Nothing compares to Holi. Did I hear Tomatina? Well, the similarity ends at the bright red from the surplus tomatoes… Indian Holi is here, coming this Monday and Covid better watch out! If not with the colours, it’s sure to be driven away from our soil post the merry jostling and huddles (public celebrations are still prohibited). It’s a festival to drive the evil away with colours- body n mind(?!) cleansing aka Indian Style… No holds barred rubbing in 😝of colours wet and dry followed by a tough time taking the colours off with every possible concoction from the kitchen. The highlight of the festival is ‘food par excellence’ in every household especially in the Northern part of the country. The towns of Mathura and Vrindavan add to the festival with the legendary tales of Lord Krishna and Radha n the stories of their Holi celebrations adding another dimension to it.
This ancient Hindu festival originated in the kingdom of notorious King Hiranyakashyap, who appointed his own sister Holika (who incidentally was fireproof due to a boon), to annihilate his own child Prahlad in fire as the child was professed to have been born to eradicate his father and his evil ways. But, the attempt of the aunt gets foiled with she getting burnt to death instead, and Prahlad getting saved by the Gods above. Holika misinterpreted the boon in her own overconfidence…
Even to this day, every household creates a bonfire the previous evening, with household junk,cowdung cakes, wood et al, n has a customary Holika Dahan ( lighting up the pier for Holika, the evil one) and the family and friends of the neighborhood pray for dispelling all evil. This of course sets the mood for the ensuing joyous celebrations of the next day with first half of the day spent in spraying colours, smearing colours and dunking others in water and colors and gorging on fantastic food, and evenings reserved for visiting elder relatives and friends to seek their blessings and again eat some more delectable food.
For me, Maal-puas ( eggless fried pancakes soaked in sugar syrup with generous garnish of dry fruits) epitomizes Holi. Even now, no Holi is complete without sinking my teeth in the delightful n sinful Maalpuas. Households add their own rich savoury items to the endless list of dishes and it’s food all around! No colour playing-visit is complete without the special delicacies and the exclusive Holi special drink …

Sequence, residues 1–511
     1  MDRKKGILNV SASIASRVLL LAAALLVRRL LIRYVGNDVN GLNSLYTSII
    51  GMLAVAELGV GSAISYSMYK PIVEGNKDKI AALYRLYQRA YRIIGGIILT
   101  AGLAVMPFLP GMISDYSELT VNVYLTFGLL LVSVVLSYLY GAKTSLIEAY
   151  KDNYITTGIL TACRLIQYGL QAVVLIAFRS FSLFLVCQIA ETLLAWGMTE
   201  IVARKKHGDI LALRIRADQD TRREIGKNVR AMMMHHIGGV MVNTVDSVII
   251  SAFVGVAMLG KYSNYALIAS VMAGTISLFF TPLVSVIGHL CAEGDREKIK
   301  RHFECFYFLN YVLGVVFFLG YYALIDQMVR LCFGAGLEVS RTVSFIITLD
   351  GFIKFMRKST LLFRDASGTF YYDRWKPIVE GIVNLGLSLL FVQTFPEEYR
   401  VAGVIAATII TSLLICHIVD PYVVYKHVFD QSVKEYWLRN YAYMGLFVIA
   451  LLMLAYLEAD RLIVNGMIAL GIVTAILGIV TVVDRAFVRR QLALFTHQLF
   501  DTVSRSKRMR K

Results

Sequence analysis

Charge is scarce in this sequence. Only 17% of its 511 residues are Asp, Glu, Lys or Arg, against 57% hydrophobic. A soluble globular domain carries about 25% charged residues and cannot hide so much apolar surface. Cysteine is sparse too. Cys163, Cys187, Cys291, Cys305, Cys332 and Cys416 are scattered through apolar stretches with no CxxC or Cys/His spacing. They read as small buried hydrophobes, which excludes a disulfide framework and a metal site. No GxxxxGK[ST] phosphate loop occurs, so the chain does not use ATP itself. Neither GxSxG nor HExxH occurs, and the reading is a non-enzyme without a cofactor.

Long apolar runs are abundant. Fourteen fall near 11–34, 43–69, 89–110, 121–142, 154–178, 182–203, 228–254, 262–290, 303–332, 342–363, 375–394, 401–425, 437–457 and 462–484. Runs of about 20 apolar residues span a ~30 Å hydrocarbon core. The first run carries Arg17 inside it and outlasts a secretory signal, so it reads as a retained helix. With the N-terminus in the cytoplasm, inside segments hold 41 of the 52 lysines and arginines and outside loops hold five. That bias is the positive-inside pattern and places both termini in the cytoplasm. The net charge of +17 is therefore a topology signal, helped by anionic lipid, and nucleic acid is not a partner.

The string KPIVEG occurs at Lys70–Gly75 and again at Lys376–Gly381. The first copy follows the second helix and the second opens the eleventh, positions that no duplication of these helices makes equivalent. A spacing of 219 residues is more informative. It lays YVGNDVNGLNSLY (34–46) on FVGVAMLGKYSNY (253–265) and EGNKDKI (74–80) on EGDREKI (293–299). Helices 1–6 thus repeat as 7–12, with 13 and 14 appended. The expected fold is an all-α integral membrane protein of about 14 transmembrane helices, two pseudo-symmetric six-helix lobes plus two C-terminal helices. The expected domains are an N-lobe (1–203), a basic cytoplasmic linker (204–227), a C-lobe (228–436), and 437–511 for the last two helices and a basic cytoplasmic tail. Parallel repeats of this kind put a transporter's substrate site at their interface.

Thandhai ( a mocktail/cocktail of dry fruits and milk with or without organic cannabis😎) is again as synonymous with Holi as egg is to Easter! This drink deserves a chapter instead of a line… It is a drink proffered to God Shiva who is supposed to have a special liking for it in his own rituals, and also taken as a sanctioned narcotic elixer during the festival . It has a large draw and fan following amongst the youth n the elderly alike, even sanctimonious aunties are allowed to partake of it on the sly 😀
And then comes the best part… the continued unending stupor– next day. Of colour, of cannabis (for some), of festivities and so much of binging on food n drinks!! People with leftover colours on their ears, elbow joints, napes etc proudly carry it to schools, colleges and office… till it gets washed off in several scrubbing bathing sessions. Homes would still be consuming leftovers and most of the family members would be wandering around with silly grins- part hangover part fond memories of colours!
Holi is celebrated on the full moon day in the Indian month of Phalgun. It is also called the Spring Festival, as it marks the arrival of spring… Wishing all of you love and happiness on this festival of colours 🙏